Herbed Broccoli

This recipe comes together in minutes, and is a great way to dress up otherwise ho-hum vegetables.

Ingredients:

  • 1 head broccoli
  • 1/3 cup vegetable broth
  • 1 teaspoon dried basil
  • 1 teaspoon dried thyme
  • 1 teaspoon dried parsley
  1. Cut the florets from the broccoli head and transfer to a large bowl; reserve the stems for another use.
  2. Toss the florets with the broth and the herbs. Cover and steam in the microwave for 5 minutes, until tender.

My kids love this with Gardein chick’n or pasta for an elegant meal!

Rainy Day Pasta Sort

Dried pasta has so many uses, whether for simple sensory play, making big instruments to shake, or enjoying a little early learning. So when Veronika was a little aimless today, I simply poured three different shapes of pasta from our pantry onto a tray. You can aim to have very different shapes (for a young toddler) or pasta with subtler differences for preschoolers. We used: farfalle, shells, and penne.

First, I invited Veronika to explore all three shapes. She loved that the farfalle looked just like butterflies!

Next, I set out three small containers and challenged her to sort the pasta. The idea was a little hard at first (words like “sort” or “match” are new vocabulary for her). But once I put a few shells in one bin and then asked, “Where does the shell go?” she latched onto the idea. Soon we had three sorted types of pasta!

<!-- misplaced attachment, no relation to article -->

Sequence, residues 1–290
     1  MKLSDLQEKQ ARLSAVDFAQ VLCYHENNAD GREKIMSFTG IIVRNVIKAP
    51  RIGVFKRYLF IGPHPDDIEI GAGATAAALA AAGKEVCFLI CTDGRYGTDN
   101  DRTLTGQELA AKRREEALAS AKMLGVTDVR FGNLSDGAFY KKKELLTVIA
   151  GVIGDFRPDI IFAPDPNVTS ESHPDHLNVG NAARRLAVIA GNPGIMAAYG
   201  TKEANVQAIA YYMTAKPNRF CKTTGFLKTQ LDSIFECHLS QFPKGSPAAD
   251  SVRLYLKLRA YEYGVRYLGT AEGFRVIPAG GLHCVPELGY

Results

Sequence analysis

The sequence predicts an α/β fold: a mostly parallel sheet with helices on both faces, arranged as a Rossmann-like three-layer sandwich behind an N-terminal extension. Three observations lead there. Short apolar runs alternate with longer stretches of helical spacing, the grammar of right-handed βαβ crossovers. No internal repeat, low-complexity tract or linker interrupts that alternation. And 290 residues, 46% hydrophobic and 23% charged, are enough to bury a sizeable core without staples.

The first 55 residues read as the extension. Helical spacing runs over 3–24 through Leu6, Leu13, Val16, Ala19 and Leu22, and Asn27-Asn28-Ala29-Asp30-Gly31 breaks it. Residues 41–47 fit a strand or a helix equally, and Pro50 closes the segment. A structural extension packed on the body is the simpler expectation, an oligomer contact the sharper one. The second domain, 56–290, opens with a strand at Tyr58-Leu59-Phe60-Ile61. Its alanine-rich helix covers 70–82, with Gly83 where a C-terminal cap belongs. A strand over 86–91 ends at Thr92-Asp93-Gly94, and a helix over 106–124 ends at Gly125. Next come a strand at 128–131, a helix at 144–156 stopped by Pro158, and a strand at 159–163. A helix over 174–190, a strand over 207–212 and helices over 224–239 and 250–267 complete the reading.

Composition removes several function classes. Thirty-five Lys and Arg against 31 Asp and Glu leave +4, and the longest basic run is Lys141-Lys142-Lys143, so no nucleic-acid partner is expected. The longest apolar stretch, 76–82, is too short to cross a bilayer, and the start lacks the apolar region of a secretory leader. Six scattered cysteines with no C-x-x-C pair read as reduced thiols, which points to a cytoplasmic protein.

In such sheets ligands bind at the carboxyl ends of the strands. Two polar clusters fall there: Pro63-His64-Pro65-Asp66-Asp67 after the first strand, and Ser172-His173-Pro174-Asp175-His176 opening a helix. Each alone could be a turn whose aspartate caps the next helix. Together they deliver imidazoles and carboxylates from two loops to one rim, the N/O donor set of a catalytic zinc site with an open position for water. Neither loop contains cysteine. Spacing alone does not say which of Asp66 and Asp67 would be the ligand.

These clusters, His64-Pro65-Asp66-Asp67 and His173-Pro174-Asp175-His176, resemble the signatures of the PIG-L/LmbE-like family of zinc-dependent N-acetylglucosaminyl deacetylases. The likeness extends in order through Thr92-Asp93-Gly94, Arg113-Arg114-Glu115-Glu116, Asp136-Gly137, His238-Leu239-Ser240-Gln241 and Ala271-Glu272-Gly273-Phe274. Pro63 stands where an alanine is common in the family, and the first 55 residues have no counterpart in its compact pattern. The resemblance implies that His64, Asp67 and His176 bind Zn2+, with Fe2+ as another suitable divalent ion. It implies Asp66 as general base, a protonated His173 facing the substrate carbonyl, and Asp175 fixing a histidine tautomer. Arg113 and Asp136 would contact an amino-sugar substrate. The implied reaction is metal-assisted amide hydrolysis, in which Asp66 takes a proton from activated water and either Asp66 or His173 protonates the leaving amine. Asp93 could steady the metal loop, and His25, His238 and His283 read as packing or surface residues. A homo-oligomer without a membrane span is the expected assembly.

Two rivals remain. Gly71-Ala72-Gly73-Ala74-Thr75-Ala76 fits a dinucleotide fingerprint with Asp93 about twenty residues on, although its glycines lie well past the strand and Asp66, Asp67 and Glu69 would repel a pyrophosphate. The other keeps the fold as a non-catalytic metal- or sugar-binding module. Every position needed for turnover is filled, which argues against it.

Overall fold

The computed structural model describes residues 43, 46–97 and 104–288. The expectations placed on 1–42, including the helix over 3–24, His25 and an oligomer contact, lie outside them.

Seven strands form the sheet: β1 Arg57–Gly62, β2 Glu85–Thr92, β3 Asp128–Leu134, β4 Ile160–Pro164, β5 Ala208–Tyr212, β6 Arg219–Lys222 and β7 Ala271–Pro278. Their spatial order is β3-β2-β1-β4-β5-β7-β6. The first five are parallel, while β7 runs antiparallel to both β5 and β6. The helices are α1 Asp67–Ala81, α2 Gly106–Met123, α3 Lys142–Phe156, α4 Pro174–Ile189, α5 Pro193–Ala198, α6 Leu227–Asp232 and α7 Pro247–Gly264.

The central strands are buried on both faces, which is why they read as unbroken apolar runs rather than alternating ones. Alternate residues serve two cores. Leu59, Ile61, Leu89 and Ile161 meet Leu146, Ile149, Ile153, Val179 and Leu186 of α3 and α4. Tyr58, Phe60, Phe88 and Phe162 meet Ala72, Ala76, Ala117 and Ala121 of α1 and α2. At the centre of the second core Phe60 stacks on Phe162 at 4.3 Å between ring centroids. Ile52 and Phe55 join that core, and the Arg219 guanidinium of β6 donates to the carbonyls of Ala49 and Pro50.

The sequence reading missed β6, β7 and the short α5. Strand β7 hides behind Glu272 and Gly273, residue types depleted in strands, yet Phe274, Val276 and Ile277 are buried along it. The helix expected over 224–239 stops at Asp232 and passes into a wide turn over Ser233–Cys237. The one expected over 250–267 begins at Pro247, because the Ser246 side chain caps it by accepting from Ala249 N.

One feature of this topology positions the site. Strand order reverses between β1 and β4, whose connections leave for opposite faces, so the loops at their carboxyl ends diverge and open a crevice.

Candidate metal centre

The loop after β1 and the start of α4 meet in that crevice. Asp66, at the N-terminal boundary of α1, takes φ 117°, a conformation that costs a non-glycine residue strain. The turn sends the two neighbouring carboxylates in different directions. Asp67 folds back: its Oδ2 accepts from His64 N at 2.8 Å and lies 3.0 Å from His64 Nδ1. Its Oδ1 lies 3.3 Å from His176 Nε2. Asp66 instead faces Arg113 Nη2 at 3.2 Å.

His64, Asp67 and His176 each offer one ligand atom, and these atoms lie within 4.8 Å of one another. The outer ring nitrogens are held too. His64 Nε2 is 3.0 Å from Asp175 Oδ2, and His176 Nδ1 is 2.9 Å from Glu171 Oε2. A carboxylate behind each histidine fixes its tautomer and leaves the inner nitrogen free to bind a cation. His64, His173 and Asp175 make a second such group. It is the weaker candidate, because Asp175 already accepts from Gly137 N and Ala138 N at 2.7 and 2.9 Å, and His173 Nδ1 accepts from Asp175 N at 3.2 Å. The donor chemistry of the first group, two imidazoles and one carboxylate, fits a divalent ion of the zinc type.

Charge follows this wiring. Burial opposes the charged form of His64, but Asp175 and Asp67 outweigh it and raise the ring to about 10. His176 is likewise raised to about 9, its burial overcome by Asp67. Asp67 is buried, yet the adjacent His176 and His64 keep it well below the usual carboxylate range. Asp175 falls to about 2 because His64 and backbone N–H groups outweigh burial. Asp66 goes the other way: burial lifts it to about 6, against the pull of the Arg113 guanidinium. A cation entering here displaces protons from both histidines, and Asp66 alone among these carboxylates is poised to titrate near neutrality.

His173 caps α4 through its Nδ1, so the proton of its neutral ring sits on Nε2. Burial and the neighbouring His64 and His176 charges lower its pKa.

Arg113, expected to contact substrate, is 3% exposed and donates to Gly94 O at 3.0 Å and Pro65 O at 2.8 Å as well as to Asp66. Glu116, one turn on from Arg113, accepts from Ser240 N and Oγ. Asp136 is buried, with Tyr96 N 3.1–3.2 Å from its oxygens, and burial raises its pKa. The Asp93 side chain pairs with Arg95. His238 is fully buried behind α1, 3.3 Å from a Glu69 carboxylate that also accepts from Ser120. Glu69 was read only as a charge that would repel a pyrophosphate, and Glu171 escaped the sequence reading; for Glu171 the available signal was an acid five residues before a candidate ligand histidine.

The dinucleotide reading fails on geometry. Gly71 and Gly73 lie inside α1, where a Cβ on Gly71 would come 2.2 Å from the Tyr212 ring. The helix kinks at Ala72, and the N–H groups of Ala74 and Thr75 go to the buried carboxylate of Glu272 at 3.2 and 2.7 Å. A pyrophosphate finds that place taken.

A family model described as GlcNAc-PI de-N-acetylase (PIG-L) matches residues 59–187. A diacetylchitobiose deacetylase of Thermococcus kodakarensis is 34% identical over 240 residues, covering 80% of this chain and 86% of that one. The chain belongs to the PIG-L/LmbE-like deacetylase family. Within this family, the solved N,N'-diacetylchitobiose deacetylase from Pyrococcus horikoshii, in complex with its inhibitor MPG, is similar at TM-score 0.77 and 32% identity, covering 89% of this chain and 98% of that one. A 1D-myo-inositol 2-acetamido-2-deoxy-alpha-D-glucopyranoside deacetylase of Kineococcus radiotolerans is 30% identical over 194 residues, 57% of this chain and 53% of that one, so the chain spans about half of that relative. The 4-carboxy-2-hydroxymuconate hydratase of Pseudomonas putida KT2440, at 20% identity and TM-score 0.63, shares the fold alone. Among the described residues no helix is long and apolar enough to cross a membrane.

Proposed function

Of course then it became a free-for-all, with lots of sensory scooping and dumping of all that pasta. You can even dye it if you want to fill up even more time on a rainy day!

Sock Matchup

Veronika is working on the concept of “matching” lately; specifically when presented with a variety of objects, can she find the two that match. This vocab word will make the most sense to your child only in context, so start with the most classic match (or dreaded mismatch!): Socks.

To make the task one step more advanced than classic laundry sorting, I put dot stickers on each of her socks with numbers written in permanent marker. Now she had pairs of socks numbered 1 through 8, and we needed to help each one find its match!

Sometimes during this task she focused on the number to make a match.

Sometimes, I could tell she was looking more at the color or pattern of the sock instead. But ultimately, she was able to find each match!